I had worked at Springs for a week and was worn to the bone…battered and bruised, to the point of tears at various times. The narrow alleyways between the looms left my shoulders marked with scrapes and abrasions. My body was a skin covered sack of pain. It was a Saturday and all I could think of was the day off on Sunday…except it would be followed by a Monday when it all would begin again.
When I ran into a much older cousin in the water house I received a life lesson I didn’t know I needed. The water house in mill parlance is a combination bathroom, smoking area, and an escape from the noise and heat of the mill. An oasis of relatively cool, quiet, and stinky aromas.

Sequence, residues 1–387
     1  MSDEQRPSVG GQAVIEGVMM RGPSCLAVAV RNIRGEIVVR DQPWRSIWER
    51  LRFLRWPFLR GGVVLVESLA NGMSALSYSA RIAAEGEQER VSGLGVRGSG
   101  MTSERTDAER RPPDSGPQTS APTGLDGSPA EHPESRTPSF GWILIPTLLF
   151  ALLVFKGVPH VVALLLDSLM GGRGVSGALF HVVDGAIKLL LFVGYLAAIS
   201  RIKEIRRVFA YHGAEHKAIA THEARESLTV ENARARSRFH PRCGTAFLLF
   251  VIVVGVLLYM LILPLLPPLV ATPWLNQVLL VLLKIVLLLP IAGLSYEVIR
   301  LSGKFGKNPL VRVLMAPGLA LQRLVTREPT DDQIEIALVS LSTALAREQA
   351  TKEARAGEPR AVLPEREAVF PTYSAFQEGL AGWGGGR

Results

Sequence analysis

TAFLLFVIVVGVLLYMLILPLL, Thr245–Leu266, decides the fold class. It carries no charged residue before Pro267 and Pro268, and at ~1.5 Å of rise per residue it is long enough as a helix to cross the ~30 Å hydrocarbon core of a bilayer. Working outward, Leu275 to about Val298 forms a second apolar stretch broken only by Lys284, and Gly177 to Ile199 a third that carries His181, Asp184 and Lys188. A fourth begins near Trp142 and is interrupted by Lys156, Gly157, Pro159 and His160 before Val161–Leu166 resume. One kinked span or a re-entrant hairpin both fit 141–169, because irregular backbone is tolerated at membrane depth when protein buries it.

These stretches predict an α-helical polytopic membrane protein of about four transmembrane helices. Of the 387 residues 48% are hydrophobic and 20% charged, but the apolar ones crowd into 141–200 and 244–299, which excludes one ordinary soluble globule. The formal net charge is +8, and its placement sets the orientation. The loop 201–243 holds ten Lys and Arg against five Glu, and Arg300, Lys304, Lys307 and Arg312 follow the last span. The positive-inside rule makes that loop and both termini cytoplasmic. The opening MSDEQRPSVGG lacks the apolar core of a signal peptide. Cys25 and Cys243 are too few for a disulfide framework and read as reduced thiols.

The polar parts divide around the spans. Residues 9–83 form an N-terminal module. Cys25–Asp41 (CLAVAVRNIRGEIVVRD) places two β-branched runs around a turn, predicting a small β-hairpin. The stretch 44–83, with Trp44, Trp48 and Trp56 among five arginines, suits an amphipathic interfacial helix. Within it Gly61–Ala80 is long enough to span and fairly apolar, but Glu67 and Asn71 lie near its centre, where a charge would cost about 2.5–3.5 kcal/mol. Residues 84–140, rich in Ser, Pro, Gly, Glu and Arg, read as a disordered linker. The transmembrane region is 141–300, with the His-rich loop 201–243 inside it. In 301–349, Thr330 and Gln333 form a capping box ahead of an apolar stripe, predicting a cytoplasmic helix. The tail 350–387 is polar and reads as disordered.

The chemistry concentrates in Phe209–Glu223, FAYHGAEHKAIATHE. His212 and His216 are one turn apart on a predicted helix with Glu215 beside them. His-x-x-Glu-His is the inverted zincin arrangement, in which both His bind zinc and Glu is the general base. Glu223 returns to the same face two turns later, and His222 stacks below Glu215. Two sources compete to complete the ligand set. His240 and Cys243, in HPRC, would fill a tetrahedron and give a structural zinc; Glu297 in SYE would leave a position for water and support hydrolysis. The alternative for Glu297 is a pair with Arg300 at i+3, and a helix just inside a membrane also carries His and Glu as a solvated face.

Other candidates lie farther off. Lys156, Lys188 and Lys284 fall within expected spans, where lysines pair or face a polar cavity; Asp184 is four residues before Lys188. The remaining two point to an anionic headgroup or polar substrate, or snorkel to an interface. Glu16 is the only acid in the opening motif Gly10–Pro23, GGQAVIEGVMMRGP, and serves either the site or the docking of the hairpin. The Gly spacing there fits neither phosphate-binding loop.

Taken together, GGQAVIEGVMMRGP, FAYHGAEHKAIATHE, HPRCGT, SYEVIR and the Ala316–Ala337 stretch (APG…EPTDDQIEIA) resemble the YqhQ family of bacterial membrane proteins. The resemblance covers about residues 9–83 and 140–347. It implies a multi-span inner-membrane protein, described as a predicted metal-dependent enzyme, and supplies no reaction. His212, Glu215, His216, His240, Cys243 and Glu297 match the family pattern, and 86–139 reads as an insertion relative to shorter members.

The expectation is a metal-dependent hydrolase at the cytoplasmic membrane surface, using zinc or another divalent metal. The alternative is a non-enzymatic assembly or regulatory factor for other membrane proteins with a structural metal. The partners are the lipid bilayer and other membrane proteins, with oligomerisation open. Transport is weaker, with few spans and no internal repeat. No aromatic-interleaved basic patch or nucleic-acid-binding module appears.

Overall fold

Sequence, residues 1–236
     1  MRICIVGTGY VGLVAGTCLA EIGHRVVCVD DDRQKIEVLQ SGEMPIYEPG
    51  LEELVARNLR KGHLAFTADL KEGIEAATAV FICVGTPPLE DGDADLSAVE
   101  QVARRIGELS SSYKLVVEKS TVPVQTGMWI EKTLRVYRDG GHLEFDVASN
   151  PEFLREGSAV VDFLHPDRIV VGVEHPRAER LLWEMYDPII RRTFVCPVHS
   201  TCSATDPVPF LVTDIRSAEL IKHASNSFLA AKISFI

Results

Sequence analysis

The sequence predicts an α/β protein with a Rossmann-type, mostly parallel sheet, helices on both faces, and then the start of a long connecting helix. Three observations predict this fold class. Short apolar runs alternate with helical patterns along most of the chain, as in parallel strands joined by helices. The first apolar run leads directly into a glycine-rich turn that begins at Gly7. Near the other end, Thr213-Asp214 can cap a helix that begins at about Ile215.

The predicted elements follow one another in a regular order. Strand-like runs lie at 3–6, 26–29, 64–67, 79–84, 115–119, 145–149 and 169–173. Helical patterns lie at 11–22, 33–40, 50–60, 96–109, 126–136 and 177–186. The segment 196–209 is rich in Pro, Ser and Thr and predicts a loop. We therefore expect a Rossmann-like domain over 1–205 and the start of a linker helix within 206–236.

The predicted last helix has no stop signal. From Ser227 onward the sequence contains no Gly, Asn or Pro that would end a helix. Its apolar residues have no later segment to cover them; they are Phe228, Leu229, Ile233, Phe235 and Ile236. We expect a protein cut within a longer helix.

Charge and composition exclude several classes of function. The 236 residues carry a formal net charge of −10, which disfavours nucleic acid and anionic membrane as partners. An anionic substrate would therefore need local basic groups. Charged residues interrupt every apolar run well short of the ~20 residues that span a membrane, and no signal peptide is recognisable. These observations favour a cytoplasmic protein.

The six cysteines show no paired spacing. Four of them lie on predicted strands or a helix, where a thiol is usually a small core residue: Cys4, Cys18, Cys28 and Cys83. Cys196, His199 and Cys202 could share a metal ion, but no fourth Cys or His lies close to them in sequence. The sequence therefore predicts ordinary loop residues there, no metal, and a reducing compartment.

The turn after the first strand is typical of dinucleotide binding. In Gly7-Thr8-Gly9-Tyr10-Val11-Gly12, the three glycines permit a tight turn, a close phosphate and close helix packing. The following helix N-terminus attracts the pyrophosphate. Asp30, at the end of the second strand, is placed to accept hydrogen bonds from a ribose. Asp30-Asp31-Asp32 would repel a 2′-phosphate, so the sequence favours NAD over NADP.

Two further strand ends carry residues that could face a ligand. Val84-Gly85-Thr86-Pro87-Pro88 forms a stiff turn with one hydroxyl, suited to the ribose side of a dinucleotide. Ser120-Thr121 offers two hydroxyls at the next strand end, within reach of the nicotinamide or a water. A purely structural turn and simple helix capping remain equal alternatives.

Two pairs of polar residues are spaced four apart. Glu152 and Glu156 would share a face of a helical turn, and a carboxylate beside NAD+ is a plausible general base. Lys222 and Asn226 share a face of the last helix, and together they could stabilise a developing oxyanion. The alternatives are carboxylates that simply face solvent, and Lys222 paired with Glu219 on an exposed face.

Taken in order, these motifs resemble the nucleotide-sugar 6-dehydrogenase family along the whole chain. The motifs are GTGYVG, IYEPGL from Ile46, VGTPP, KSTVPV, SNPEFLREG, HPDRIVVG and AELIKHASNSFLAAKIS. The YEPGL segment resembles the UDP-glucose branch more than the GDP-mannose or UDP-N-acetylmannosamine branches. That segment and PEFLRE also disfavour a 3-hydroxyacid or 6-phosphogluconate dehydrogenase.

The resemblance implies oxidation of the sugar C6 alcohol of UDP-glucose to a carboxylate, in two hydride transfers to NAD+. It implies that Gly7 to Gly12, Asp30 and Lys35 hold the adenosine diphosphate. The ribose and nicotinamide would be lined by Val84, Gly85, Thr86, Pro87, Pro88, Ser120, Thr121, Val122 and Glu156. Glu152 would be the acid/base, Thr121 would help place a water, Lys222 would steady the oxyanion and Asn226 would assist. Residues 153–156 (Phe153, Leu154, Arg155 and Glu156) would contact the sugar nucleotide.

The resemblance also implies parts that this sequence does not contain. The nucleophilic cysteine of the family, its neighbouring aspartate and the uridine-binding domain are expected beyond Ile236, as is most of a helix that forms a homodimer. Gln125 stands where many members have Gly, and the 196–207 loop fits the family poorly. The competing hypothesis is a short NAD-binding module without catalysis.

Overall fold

As I started to walk out, Charles, a much older cousin who had grown up just below my home, stopped me and put his arm across my sweaty, lint covered, bruised shoulders.
“I been watchin’ you boy,” tapping me on a sore arm with his pointer finger. Charles was what was called a warp hand who worked out to the tie-in room. It seemed to me warp hands had a good bit of time for watchin’…or playing practical jokes. Charles, and his buddy Tommy, were masters at playing practical jokes, “Go down to the parts room and get me a loom stretcher, will you?” It was the first of many practical jokes endured by the young group of spare hands. I wasn’t singled out any more than anyone else.
The man in the part’s room cocked his head giving me the side-eye, “Loom stretcher, huh? Charles sent you down, didn’t he?” Got me.